Building Open-Source Resources for Online Learning in a Higher Education Environment

Building Open-Source Resources for Online Learning in a Higher Education Environment

Shalin Hai-Jew (Kansas State University, USA)
DOI: 10.4018/978-1-4666-2205-0.ch008
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Faculty, administrators, and staff at institutions of higher education are singularly well poised to create open-source digital learning contents. Creating open-source digital learning contents seems to fit with a university’s mission and the education paradigm of sharing knowledge and training up others to move a domain field forward. Indeed, they have contributed to many open-source endeavors. While individual open-source development endeavors may require a relatively light investment by colleges and universities, the work of building open-source resources involves significant planning in order to support the endeavor in an organized way on a campus. This chapter introduces some of the known challenges and methods to building open-source resources for online learning in the higher education environment in the US.
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In a university environment, the faculty, administrators, and staff seem especially well-poised to create open-source resources for online learning. After all, many are working in the cutting-edge expressions of their respective fields; many are engaged in online learning with live learners, and most have some motivations in the higher education reward structure to create open-source learning contents (as part of their social contribution and publicity related to academic work—for tenure and reputation). And indeed, some faculty and staff have contributed to the open-source venues and distribution channels. Some universities have open-courseware endeavors to collect faculty work; prepare the contents by removing proprietary video, images, and articles; and publish the curriculums in zipped format for open use. Repositories (digital collections) and referatories (collections of site links with metadata) host a variety of open-source learning objects. Many academic journals and electronic book (e-book) publications are hosted by open-source publishers (or hybrid commercial / open-source ones). Open-source encyclopedias offer direct access to various open-source digital goods. Video, slideshow, image, and other content-type sharing sites enable open-source content creators to share their creations.

Open-source licensing tools (so-called public and viral licenses) are used in search engines along with the substantive words of the search for released objects. Open-source contents are harnessed for massive open online courses (MOOCs) which involve a range of learners who share their co-learning with each other and take responsibility for their own and others’ learning. Some faculty and staff host their own sites with open-source downloadable contents. Universities have released open-source learning / course management systems, repository software, open-source publishing software, game authoring tools, and a variety of apps.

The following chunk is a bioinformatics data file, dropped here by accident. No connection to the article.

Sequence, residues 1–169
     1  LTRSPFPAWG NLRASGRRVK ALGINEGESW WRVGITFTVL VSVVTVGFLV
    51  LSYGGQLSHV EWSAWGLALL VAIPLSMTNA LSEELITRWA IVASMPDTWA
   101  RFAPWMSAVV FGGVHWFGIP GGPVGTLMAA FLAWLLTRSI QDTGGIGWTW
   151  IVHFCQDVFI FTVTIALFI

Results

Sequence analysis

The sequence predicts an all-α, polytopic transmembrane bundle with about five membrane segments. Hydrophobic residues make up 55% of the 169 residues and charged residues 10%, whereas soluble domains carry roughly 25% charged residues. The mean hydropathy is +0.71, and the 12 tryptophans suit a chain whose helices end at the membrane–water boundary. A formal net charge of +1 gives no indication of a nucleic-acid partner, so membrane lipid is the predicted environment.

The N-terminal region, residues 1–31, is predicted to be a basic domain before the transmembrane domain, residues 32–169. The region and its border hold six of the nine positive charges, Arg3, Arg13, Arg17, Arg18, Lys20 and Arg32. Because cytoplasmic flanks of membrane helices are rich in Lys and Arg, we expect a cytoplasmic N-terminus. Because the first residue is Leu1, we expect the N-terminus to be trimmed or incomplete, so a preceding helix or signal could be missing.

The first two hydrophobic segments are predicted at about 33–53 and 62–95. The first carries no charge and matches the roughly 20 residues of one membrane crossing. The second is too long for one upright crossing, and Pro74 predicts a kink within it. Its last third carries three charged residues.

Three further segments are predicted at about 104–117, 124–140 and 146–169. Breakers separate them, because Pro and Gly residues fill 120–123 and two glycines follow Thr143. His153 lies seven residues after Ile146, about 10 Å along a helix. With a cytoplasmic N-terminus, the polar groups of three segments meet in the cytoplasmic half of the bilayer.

The cost-benefit considerations for open-source are affected by a range of considerations. Universities often consider such publications positive for public relations. The acts of sharing contents with learners everywhere resonate well with new-generation learners because of their culture of Web 2.0 sharing and ideals (Oreg & Nov, 2008). For others, publishing broadly to benefit the world assuages some of the guilt of those who live and work in relatively wealthier countries; it’s part of the new noblesse oblige where “privilege entails to responsibility”. Leaders in work places may affect the workplace culture towards open-source sharing by tying material rewards to open-source content creation.

There may be purely selfish considerations for open-source publishing and distribution for many. Those who contribute open-source work gratis on the front end may benefit from heightened workplace credibility in terms of longer-term benefits. J. Lerner, P.A. Pathak, and J. Tirole (2006) note:

Economic theory suggests that long-term incentives are stronger under three conditions: 1) the more visible the performance to the relevant audience (peers, labor market, and venture capital community); 2) the higher the impact of effort on performance; 3) the more informative the performance about talent… (p. 114).

Strategic complementarities may mean that high performance in the open-source arena may translate to future job opportunities, constructive collaborations, and other positional goods in the work place like increased social status. Some are calling for contributions to open-source projects to be considered scholarly contributions that are listed in performance reviews (Hafer & Kirkpatrick, 2009). Publicity from such endeavors may also lead to positive chatter.

The nature of digital learning objects also militates against excessive protectionism. After all, all informational contents will date out. Various learning objects will be supplanted by those with more updated information or better designs or higher usability. In many cases, the usefulness of an information object is only for a time.

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